Travel with a clear conscience

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The Independent Travel

Ever-widening horizons: that is what today's traveller enjoys. Those of us fortunate enough to live in a rich nation have the option to travel almost anywhere on earth. Yet your decision about where - or, indeed, whether - to go have significant repercussions for both the planet and the communities who may unwittingly find themselves as the target of your travel wish-list.

Tourism is the world's largest service industry, employing around 200 million people. It can be a huge force for fighting human and environmental exploitation, and an excellent vehicle for transferring wealth from the rich nations of the West to developing countries. But tourism can also trample upon fragile eco-systems and people's rights.

A growing fair-trade movement - including tea, coffee and chocolate - has come a long way in the last few years. From supermarket shelves to having their own stand at the G8 summit and being included in the media "goody bags', the fair trade concept has become fairly mainstream. Yet for tourism, there is still plenty of scope for improvement.

How easy is it to become a better traveller? Challenging the values of an industry designed to appeal to a society which promotes a me-first, instant-gratification attitude in its citizens may not be the easiest thing in the world. Yet the ordinary holidaymaker can make a difference.

Tourism Concern, which has been campaigning for equity and fairness in travel for 16 years, has compiled a handy 10-point Avoid Guilt Trips guide.

1) Be aware. Start enjoying your travels before you leave. Think about what sort of clothing is appropriate for both men and women. If the locals are covered up, what sort of messages may you be sending out by exposing acres of flesh?

2) Be open. Something may seem bizarre or odd to "you", but it may be normal and just the way things are done to "them". Try not to assume that the Western way is right or best.

3) Our holidays - their homes. Ask before taking pictures of people, even children, and respect their wishes. Talk to local people. What do they think about our lifestyle, clothes and customs? Find out about theirs.

4) "One school pen." That is the chorus of children in many developing countries where tourists have dished out pens like trinkets. Giving to children encourages begging. A donation to a project, health centre or school is much more constructive.

5) Be fair. Try to put money into local hands. If you haggle for the lowest price, your bargain may be at the seller's expense. Even if you pay a little over the odds, does it really matter?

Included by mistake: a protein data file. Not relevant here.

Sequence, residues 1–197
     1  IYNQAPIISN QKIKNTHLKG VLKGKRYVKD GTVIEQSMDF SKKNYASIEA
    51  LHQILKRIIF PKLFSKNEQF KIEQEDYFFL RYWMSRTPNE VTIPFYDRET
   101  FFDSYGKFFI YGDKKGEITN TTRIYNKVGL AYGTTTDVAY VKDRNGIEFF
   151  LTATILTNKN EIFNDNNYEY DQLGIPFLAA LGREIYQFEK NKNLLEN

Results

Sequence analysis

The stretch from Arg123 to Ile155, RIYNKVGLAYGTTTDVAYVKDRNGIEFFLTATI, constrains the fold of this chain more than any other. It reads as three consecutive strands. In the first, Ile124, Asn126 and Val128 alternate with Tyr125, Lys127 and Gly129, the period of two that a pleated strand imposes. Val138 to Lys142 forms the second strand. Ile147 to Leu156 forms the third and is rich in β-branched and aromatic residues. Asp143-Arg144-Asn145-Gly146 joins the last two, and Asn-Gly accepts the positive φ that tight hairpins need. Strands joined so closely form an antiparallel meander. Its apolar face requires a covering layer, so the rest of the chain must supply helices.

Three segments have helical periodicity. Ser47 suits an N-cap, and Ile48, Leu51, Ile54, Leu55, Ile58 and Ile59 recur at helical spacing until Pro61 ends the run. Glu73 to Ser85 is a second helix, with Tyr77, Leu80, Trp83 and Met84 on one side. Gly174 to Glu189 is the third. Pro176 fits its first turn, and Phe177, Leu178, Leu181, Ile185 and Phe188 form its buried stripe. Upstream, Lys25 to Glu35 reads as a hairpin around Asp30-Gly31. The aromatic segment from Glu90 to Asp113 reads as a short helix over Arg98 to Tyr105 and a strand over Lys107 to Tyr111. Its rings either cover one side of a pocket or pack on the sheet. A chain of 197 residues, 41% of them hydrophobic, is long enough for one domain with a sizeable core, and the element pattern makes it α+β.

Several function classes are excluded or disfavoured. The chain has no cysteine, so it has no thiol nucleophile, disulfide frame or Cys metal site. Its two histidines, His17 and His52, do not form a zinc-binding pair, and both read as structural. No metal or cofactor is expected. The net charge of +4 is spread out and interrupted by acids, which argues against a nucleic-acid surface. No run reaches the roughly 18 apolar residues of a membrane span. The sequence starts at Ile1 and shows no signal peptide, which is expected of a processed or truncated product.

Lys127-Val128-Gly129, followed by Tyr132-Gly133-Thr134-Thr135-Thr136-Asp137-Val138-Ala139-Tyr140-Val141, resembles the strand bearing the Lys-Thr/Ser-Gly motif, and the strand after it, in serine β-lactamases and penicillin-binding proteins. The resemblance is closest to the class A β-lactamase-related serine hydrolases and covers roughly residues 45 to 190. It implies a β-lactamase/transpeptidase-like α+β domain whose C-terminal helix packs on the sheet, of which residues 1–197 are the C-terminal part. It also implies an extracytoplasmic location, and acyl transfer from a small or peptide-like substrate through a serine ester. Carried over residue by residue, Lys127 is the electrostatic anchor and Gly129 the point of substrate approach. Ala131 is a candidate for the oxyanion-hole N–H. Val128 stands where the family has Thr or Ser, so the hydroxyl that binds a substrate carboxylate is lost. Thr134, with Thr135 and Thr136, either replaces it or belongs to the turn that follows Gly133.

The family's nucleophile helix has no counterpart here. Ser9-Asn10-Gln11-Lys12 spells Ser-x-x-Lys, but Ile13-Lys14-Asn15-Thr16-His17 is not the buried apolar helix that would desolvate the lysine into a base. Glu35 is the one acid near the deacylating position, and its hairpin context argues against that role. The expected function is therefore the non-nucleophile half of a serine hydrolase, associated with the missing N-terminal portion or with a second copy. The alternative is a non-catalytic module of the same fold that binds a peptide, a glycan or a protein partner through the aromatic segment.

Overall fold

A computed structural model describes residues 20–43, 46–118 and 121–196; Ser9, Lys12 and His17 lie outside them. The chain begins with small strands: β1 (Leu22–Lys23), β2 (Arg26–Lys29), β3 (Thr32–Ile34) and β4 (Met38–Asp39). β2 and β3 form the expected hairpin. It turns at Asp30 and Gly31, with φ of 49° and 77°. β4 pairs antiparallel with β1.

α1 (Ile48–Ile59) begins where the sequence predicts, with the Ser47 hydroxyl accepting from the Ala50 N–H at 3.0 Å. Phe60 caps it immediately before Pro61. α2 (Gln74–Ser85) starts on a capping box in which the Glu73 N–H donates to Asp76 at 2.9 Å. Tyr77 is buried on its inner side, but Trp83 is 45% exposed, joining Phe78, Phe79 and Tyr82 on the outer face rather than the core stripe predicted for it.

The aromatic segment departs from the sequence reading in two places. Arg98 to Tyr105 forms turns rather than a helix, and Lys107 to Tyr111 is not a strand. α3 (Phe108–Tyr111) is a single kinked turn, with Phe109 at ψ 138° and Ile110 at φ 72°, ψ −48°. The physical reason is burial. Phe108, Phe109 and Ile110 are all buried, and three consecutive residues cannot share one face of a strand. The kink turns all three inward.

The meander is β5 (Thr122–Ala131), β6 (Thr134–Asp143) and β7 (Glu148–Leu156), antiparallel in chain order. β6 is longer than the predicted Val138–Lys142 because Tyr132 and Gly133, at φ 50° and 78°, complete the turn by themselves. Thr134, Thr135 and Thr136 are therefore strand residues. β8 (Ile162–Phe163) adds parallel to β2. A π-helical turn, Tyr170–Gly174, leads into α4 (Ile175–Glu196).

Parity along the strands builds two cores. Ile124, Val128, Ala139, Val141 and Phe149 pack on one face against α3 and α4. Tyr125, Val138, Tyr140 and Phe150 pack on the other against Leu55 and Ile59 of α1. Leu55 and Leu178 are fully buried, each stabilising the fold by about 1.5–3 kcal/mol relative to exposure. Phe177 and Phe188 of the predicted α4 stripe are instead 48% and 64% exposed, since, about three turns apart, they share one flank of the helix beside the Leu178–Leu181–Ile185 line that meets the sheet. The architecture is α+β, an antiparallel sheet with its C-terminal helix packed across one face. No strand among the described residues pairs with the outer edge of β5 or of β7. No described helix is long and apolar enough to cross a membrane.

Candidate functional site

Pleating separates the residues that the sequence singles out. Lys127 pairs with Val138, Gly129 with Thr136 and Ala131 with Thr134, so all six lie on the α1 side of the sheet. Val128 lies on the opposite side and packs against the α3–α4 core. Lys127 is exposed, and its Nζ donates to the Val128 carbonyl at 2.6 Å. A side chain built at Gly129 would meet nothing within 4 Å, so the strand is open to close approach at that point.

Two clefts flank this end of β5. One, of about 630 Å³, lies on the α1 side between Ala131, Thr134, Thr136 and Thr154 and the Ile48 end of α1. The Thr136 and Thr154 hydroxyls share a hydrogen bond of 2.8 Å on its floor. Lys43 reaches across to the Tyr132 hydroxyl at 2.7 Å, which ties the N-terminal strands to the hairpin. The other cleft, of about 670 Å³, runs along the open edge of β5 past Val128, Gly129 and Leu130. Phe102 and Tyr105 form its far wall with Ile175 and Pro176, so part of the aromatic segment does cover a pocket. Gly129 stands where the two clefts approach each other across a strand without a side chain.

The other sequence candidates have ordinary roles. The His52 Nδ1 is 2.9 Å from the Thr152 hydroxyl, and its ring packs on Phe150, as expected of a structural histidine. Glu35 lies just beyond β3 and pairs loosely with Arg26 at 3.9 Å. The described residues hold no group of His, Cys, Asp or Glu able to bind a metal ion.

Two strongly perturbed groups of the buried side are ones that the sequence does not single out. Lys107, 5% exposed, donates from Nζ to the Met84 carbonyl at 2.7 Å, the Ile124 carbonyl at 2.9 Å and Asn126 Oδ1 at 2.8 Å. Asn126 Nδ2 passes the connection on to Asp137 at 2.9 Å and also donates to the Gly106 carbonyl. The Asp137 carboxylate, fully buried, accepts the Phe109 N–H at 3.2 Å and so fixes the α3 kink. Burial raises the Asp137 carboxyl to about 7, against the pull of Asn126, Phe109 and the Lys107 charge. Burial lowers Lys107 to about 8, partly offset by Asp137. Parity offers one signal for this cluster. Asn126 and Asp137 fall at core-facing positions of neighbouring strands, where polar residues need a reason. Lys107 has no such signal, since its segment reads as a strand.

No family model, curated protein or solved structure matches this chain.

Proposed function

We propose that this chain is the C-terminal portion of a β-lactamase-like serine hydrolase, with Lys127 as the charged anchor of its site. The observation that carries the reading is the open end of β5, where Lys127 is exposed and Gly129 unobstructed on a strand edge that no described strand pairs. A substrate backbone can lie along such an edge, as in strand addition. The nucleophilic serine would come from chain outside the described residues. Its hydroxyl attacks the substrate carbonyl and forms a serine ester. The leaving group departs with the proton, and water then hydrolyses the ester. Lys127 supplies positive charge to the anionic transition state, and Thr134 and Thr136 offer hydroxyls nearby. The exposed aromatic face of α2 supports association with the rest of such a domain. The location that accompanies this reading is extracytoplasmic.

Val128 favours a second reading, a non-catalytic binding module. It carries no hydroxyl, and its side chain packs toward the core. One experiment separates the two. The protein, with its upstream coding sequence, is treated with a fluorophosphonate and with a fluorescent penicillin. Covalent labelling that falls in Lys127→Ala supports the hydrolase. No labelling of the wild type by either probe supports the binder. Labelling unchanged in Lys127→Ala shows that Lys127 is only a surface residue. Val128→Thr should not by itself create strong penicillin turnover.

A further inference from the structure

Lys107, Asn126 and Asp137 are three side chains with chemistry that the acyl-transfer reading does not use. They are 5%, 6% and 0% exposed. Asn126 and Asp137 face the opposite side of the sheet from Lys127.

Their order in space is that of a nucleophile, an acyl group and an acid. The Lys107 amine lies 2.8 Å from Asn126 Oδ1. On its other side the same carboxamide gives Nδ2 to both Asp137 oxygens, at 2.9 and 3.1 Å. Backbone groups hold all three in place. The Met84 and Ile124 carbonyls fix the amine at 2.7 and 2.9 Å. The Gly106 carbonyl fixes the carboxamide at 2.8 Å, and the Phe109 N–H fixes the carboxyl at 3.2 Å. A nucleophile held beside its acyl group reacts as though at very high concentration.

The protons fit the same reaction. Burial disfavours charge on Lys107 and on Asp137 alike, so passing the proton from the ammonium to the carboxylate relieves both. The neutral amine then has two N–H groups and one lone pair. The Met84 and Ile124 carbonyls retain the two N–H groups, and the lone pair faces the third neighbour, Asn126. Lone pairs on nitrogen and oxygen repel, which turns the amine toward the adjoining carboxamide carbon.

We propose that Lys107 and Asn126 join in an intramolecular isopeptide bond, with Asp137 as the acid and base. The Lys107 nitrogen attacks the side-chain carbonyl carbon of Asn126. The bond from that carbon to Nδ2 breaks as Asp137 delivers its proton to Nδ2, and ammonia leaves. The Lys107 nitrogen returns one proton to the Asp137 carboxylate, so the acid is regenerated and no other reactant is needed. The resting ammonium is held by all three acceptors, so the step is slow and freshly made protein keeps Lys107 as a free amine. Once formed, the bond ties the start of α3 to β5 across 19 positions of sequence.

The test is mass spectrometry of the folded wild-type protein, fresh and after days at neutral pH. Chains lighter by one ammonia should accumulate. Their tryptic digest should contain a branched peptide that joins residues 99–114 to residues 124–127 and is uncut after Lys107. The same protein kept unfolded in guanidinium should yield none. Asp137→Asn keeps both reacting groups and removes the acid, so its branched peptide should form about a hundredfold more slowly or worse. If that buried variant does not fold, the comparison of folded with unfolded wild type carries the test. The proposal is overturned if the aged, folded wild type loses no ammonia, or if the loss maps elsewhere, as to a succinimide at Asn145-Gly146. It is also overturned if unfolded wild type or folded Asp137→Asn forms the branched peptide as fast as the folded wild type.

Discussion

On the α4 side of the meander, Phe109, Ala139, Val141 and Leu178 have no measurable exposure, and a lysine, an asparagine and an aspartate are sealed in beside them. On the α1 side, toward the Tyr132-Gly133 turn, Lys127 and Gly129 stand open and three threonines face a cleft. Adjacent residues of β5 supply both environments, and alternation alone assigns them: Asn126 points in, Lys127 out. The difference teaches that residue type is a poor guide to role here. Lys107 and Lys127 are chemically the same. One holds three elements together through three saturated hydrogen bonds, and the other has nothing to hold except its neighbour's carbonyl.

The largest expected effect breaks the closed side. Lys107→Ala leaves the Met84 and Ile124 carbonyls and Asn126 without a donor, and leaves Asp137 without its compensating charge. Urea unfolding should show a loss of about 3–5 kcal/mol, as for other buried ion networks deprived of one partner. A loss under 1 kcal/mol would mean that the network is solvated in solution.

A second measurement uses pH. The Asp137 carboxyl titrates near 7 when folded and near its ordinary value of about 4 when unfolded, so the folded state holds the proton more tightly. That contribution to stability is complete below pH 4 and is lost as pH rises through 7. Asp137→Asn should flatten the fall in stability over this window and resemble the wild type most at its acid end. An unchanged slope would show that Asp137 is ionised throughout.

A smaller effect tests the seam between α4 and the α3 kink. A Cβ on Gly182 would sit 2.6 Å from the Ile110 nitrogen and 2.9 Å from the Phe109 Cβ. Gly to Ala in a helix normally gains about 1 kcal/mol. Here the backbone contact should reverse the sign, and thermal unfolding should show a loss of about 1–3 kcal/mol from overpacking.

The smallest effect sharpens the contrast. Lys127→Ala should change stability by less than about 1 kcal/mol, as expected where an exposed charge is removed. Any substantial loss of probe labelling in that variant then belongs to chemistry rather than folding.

6) Be adventurous. Use a guidebook or hotel as a starting point, not as the only source of information. Find out what's going on by talking to locals - then have your own adventures.

7) Ask questions. Write a letter to your tour operator about their responsible tourism policy. (Tourism Concern is conducting a competition to find the best - or worst reply received from a holiday company.)

8) Think before you fly. Help repair the damage you do to the environment by flying less. The more and further you fly, the more you contribute to global warming and environmental destruction. Offset the carbon dioxide you produce from air travel. Visit Climate Care at: www.co2.org for more details and actions.

9) Be controversial... and enhance your travellers' credentials with a Tourism Concern Avoid Guilt Trips T-shirt. Designs include: Exploitation Hotel and Child Labour Villas.

10) Buy the 'Ethical Travel Guide'. By taking one of the holidays listed in Tourism Concern's new Ethical Travel Guide you are personally fighting exploitation. Enjoy your guilt-free trip.

Tourism Concern is campaigning to fight exploitation in tourism. To join the organisation or buy the 'Ethical Travel Guide' (£12.99) call 020-7133 3330 or visit www.tourismconcern.org.uk.

A FORCE FOR CHANGE

The world's highest railway has just opened between Chengdu in China and the Tibetan capital, Lhasa. Travellers might regard this as a real boon, allowing access to Tibet. But those concerned about human rights could see it as another nail in the coffin of Tibetan independence. It is easy to imagine Chinese troops in the carriages and immigrants being brought in to swell the non-Tibetan population. It is equally easy to think of tourists paying a lot of money to Chinese operators and then being fooled by an official presentation of Tibet. Yet if the experience of one former Soviet republic is repeated, the railway could actually benefit those seeking to rescue Tibet's sovereignty.

I lose count of the number of boats linking Tallinn harbour to Helsinki; in the 1960s and 1970s the Georg Ots plied the route just twice a week.

This service began despite resistance from Estonian exiles who believed it would legitimise the concept of Soviet Estonia. Yet the effect was to give Tallinn a window on the West. Many passengers managed to embarrass the Soviets about their repression of human rights, as I am sure their successors will do to the Chinese.

So will eyes and ears of visitors to Tibet really be closed and only their camera shutters open? Back in 1972, Thomson Holidays started £29 weekend trips to Moscow. Perhaps 95 per cent of visitors accepted the Soviet Union as it wished to present itself, but5 per cent used it as a lifeline to the dissident movement.

With several charter flights a week linking London and Moscow, restricting contact became impossible. And in 1989, the beginning of the end of the Iron Curtain was due to travel. Thousands of East Germans took their holidays in Hungary - which said it would cease to patrol part of the frontier with Austria. Tourism can change the world.

The writer was a director of Regent Holidays, which ran the first package holidays to Albania, China and Cuba

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